Yesterday, Joe Scarborough accused Howard Dean of sounding just like Paul Wolfowitz, one of the architects of the 2003 Iraq War. Why accept a pale imitation when we can have the genuine article? Eli Lake interviewed Wolfowitz, now at the American Enterprise Institute, about the situation in Syria and its historical parallel to other American interventions/non-interventions in the region. Wolfowitz agrees that the situation in Syria isn’t analogous to Iraq in 2003, but says it’s the same as our non-intervention in 1991 when Saddam Hussein went after the Shi’ites:
“People are saying this is not Iraq, and it’s correct,” Wolfowitz tells The Daily Beast. “We are not talking about sending American troops in to change a regime. The administration seems to be talking about a low-risk military operation, one that involves putting very few American lives at risk.”
Wolfowitz says the situation in Syria today reminds him more of the aftermath of the first Gulf War in 1991, when Iraqi Shiites began an uprising against Saddam Hussein and the United States did nothing to help them. Colin Powell, who was the chairman of the Joint Chiefs of Staff at the time, ruled out attacks on Iraq’s retreating army, saying it would be a “turkey shoot.”
“It’s not Iraq 2003. It’s Iraq in 1991,” says Wolfowitz, now a senior fellow at the American Enterprise Institute, a conservative think tank. “In 1991 we had an opportunity without putting any American lives at risk to enable the Shia uprisings against Saddam to succeed. Instead we sat on our hands and watched him kill tens of thousands. We did nothing and we could have very easily enabled those rebellions to succeed. I think if we had done so we could have gotten rid of Saddam Hussein and there would not have been a second war.”
I agree with Wolfowitz that in retrospect it would have been far better to have pressed the war in 1991 all the way to Baghdad. However, the issue in Syria isn’t at all analogous to Iraq in 1991, and our non-intervention in that civil war, because we had already intervened. In fact, we had a robust no-fly zone in place during that period and a cease-fire that Hussein arguably was violating with his genocide against the Shi’ites in the south. The US had plenty of legal justification for declaring the cease-fire null and void and continuing the war, and not just in 1991 but all the way to 2003.
We have no such predicate for action in Syria. Syria has not declared war on us, nor have they threatened to invade an ally as Hussein did in 1990 to set off the Gulf War. They are in the middle of a civil war in which the dictatorship isn’t just mowing down a dissenting religious population, but in which multiple sides are committing atrocities. The civil war has developed into a fight between Sunni and Shi’ite extremists, both of which are enemies of the US, and it’s not in our strategic interest to intervene on behalf of either set.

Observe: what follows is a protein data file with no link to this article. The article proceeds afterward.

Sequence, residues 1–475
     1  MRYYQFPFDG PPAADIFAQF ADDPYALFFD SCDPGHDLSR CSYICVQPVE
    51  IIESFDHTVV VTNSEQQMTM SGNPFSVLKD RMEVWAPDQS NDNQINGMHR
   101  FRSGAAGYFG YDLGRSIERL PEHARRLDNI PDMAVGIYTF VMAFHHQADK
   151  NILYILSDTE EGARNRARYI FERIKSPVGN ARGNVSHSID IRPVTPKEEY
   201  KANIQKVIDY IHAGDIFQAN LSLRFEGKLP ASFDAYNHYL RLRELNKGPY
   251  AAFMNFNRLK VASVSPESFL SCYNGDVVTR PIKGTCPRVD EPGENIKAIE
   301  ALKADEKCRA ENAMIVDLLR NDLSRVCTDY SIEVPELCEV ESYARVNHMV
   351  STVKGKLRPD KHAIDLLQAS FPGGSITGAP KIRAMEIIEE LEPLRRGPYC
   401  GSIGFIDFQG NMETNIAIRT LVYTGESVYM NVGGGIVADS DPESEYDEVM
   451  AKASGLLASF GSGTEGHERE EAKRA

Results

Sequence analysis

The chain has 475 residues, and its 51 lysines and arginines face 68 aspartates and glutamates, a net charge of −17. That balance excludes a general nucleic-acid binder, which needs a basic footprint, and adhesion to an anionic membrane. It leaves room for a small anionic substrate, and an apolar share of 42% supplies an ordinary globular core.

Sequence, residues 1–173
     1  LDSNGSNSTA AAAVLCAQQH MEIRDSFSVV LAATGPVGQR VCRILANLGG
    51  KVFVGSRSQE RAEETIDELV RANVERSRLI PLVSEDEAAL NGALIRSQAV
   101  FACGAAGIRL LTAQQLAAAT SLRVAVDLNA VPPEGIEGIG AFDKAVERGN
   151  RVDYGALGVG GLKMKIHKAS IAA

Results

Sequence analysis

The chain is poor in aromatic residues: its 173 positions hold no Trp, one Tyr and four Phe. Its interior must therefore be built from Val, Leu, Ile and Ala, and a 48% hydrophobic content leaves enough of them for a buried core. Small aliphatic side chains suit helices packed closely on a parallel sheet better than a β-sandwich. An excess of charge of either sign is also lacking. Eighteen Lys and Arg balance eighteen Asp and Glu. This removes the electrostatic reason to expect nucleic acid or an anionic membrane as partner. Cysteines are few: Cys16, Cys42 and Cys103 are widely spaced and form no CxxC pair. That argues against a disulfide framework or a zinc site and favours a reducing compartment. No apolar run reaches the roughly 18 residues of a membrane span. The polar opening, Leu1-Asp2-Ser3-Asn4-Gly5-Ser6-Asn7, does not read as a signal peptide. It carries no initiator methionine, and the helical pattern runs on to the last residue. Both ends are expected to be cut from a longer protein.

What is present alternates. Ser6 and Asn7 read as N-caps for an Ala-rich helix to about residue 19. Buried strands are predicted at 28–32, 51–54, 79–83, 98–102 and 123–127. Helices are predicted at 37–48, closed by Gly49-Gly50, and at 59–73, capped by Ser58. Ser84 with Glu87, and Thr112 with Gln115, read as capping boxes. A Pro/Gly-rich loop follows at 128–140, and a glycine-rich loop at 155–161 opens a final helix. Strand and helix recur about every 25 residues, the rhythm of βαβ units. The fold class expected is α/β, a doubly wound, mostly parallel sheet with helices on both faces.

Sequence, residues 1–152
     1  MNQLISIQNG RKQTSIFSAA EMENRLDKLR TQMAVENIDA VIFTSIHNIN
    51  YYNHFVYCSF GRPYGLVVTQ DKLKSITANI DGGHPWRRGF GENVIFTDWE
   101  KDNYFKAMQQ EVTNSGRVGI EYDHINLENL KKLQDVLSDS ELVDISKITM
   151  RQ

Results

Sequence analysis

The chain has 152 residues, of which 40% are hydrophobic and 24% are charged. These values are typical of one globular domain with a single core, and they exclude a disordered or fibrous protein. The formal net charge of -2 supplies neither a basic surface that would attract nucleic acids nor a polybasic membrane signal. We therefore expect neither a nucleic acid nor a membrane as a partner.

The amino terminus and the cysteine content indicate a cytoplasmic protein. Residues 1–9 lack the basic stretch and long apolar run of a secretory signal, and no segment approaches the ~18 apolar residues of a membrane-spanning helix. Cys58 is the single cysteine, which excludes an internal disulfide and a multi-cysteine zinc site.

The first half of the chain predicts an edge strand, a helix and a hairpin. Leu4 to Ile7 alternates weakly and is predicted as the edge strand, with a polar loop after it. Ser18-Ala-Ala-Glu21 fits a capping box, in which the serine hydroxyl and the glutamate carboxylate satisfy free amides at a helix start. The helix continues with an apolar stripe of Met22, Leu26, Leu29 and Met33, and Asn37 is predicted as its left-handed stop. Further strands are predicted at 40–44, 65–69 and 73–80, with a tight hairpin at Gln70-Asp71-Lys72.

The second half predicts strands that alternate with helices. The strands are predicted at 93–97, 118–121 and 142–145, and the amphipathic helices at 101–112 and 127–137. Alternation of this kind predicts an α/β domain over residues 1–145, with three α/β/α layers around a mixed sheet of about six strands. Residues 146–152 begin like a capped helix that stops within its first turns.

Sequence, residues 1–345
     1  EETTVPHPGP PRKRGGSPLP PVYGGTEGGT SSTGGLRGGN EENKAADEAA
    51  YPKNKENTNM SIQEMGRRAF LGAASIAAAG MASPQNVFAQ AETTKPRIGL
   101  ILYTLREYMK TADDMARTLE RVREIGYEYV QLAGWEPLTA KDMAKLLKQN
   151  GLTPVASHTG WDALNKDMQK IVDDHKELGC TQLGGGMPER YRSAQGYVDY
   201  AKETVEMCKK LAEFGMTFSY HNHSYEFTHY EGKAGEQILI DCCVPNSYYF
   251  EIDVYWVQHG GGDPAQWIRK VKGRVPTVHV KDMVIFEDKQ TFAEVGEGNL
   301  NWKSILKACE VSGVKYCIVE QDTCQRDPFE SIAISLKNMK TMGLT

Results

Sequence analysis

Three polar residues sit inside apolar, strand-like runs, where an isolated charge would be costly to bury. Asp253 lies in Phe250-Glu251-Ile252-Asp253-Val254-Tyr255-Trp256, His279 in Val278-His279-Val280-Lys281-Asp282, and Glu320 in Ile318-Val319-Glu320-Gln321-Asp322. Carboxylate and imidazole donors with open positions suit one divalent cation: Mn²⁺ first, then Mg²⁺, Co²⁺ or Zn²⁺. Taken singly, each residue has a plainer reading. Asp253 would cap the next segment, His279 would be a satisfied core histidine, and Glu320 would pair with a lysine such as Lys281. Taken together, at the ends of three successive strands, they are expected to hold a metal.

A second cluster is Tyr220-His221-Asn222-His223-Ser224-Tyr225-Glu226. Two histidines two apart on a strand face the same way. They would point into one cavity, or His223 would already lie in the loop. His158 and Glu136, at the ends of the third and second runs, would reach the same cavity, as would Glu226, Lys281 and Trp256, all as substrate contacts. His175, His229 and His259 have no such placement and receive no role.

The proper analogy here is Iraq 1987-88, when Hussein used chemical weapons against Iran and then to commit genocide against the Kurds at Halabja, where 5,000 were killed. Not only did the US not intervene militarily at the time, neither did the world demand an intervention. In fact, over the last 50 years of chemical-weapons deployments, exactly none of them produced an outside military intervention by a non-belligerent.
There is no US interest at stake in the Syrian civil war, except to make sure it doesn’t expand beyond those borders. The surest way for that to happen would be for the US to stick itself in the middle of the conflict.
Bonus: Wolfowitz tells Lake that we could have had a big success story in Syria had we acted sooner — like we did in Libya:
His calculation is drawn in part by the response of the Libyan people following the fall of Muammar Gaddafi. He says he remembers seeing a photograph of a billboard in Tripoli that thanked the supporters of the Libyan revolution and included the U.S. and NATO. “There could have been that billboard in Damascus,” he says. “But we have waited so long to do anything.”
Maybe someone should acquaint Mr. Wolfowitz with the reality of the outcome in Libya. This is the best argument yet I’ve heard against American intervention.